# Boxplots

11. February 2015

I took a statistics course last fall, and there is a lot of code involved for the whole calculation of different parameters.
“Unfortunately” all of this is in R – which is undisputedly one of the best tools for statistics in general – but I don’t know it well enough for some good results in a few minutes. So I started using Python with matplotlib.

One example are Boxplots, great for a overview of 5 important parameters: the median, the min and max (if in range), and the 50%-box (IQR).

## Data

The data is from our professor, he provided weight and height of students from some years ago, 250 students in total.

After calculating the BMI entering the data, a first boxplot which can be automatically generated with boxplot(data) looks as follows: So, next up is some fine-tuning to make it look better.

## Axes

At first, I wanted to take out some black lines from the axes, to make it more focussed on the boxplots themselves. I took some good propositions from here.

At first I removed these unnecessary “spines”:

``````ax.spines['top'].set_visible(False)
ax.spines['right'].set_visible(False)
ax.spines['bottom'].set_visible(False)
``````

Then the ticks:

``````ax.xaxis.set_ticks_position('none')
ax.yaxis.set_ticks_position('none')
``````

Then, for better reading, I added some horizintal lines, part of the background grid:

``````ax.yaxis.grid(True, linestyle='-', which='major', color='lightgrey', alpha=0.5)
``````

## Text

For better readability at first sight, some more explanation in the title and on the axes:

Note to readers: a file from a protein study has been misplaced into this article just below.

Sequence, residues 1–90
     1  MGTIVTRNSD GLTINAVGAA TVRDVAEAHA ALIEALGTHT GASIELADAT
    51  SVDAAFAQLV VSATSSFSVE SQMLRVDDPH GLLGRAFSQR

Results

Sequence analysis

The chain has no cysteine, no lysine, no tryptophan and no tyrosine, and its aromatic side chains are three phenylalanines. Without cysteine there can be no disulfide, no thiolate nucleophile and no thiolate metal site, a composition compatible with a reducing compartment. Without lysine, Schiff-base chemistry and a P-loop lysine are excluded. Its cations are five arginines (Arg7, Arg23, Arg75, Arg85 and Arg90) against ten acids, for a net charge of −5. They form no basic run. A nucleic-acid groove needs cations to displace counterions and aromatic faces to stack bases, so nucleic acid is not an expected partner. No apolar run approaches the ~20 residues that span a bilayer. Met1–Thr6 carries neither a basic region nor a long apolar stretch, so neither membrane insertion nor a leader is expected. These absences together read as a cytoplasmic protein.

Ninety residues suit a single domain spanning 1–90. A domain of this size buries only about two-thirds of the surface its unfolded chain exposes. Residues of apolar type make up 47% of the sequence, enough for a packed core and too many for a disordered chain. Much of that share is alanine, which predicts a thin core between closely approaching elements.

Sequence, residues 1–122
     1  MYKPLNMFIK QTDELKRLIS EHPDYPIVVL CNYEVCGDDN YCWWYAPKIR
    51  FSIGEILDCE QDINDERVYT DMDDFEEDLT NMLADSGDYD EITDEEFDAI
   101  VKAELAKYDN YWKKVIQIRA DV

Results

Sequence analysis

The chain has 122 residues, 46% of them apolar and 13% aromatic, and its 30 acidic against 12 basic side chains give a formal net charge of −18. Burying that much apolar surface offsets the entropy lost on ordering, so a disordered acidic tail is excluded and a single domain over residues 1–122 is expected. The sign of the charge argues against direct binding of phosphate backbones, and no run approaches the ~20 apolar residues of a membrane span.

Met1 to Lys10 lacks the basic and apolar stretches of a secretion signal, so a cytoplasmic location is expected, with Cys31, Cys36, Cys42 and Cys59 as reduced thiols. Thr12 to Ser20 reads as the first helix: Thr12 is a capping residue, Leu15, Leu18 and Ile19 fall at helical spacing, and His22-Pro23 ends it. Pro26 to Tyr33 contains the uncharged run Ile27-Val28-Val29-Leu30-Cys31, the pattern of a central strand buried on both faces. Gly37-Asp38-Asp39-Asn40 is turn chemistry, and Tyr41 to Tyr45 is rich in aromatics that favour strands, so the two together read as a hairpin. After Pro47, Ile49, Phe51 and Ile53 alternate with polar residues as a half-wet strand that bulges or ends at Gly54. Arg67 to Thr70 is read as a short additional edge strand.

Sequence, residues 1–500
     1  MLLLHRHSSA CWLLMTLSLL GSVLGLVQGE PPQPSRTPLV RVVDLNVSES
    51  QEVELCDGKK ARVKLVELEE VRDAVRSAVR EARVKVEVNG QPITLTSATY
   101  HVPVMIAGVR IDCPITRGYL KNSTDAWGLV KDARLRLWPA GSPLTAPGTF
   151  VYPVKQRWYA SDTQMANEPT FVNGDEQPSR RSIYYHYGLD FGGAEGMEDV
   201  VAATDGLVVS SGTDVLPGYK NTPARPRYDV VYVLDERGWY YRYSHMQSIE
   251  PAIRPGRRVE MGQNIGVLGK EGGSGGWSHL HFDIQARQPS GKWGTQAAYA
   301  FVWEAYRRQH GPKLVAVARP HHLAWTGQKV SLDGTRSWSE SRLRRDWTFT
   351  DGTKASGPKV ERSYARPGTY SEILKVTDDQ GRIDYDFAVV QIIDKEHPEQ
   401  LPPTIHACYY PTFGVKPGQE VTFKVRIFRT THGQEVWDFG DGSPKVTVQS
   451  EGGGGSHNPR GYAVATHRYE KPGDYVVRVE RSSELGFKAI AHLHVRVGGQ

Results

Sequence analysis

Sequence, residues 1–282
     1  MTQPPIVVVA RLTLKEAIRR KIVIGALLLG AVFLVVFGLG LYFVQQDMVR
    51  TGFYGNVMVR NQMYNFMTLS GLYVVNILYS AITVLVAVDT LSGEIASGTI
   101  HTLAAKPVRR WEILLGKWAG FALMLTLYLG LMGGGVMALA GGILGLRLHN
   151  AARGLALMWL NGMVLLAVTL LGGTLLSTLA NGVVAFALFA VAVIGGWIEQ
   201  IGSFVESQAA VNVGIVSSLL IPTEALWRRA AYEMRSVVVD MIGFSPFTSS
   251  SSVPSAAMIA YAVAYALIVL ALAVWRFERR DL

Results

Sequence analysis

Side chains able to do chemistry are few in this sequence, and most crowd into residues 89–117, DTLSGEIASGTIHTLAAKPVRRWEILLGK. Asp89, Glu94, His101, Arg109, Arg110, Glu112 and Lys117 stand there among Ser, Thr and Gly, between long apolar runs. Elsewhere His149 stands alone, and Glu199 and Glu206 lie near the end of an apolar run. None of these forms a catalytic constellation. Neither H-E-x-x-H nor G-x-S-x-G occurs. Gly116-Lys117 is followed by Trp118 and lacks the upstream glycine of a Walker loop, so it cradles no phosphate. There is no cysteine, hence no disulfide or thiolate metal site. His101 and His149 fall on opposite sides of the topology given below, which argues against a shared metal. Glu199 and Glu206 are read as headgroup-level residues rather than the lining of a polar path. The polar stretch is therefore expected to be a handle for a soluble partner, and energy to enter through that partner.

``````ax.set_title('BMI-Vergleich von Studierenden')
ax.set_xlabel('Geschlecht')
ax.set_ylabel('BMI')
pylab.xticks([1, 2], ['m', 'w'])
``````

## Color

But also the color wasn’t what I had on my mind, the blue is quite aggressive. So I added a inidgo tone to all the elements except for the median. This can be done with setting the parameters for each class separately:

``````blue = '#0D4F8B' #indigo
pylab.plt.setp(bp['boxes'], color=blue)
pylab.plt.setp(bp['medians'], color='red')
pylab.plt.setp(bp['whiskers'], color=blue)
pylab.plt.setp(bp['fliers'], color=blue)
pylab.plt.setp(bp['caps'], color=blue)
``````

Also, so the picture which is shown (beside the one that is saved) isn’t presented in some grey box, you can add facecolor=“white” when initiating.

So here’s the final Boxplot (click for bigger picture): Python Code (Python 2.7, matplotlib required)

``````'''Plots some boxplots about student BMI data.'''
__date__ = '09.12.2014'
```
```import pylab
```
```# BMI data StatWiSo2003 (m, f)
data = [[17.9163, ... ]]
```
```# create a figure instance
fig = pylab.plt.figure(1, figsize=(9, 6), facecolor="white")
bp = ax.boxplot(data)
```
```# remove axes and ticks
ax.spines['top'].set_visible(False)
ax.spines['right'].set_visible(False)
ax.spines['bottom'].set_visible(False)
ax.xaxis.set_ticks_position('none')
ax.yaxis.set_ticks_position('none')
```
```# some helping lines
ax.yaxis.grid(True, linestyle='-', which='major',
color='lightgrey', alpha=0.5)
```
```# Hide these grid behind plot objects
ax.set_title('BMI-Vergleich von Studierenden')
ax.set_xlabel('Geschlecht')
ax.set_ylabel('BMI')
pylab.xticks([1, 2], ['m', 'w'])
```
```# color boxplots
blue = '#0D4F8B' #indigo
pylab.plt.setp(bp['boxes'], color=blue)
pylab.plt.setp(bp['medians'], color='red')
pylab.plt.setp(bp['whiskers'], color=blue)
pylab.plt.setp(bp['fliers'], color=blue)
pylab.plt.setp(bp['caps'], color=blue)
```
```fig.savefig('boxplot.png', bbox_inches='tight')
pylab.show()
``````

That’s it!